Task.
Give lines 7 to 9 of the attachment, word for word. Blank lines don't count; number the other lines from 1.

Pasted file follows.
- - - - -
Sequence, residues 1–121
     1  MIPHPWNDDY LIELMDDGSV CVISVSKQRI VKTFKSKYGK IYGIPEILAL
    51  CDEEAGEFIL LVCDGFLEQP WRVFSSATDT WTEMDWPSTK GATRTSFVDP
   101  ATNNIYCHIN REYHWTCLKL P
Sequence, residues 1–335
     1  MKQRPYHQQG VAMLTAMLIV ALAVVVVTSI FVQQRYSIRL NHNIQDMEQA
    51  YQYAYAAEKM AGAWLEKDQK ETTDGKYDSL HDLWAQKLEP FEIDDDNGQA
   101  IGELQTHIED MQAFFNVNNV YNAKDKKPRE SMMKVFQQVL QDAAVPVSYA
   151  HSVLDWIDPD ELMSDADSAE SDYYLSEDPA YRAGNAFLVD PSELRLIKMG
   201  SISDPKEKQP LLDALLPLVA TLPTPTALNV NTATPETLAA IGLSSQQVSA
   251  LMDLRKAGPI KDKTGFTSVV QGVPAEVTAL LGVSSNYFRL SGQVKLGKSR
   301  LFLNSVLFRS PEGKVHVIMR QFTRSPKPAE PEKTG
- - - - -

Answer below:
    51  YQYAYAAEKM AGAWLEKDQK ETTDGKYDSL HDLWAQKLEP FEIDDDNGQA
   101  IGELQTHIED MQAFFNVNNV YNAKDKKPRE SMMKVFQQVL QDAAVPVSYA
   151  HSVLDWIDPD ELMSDADSAE SDYYLSEDPA YRAGNAFLVD PSELRLIKMG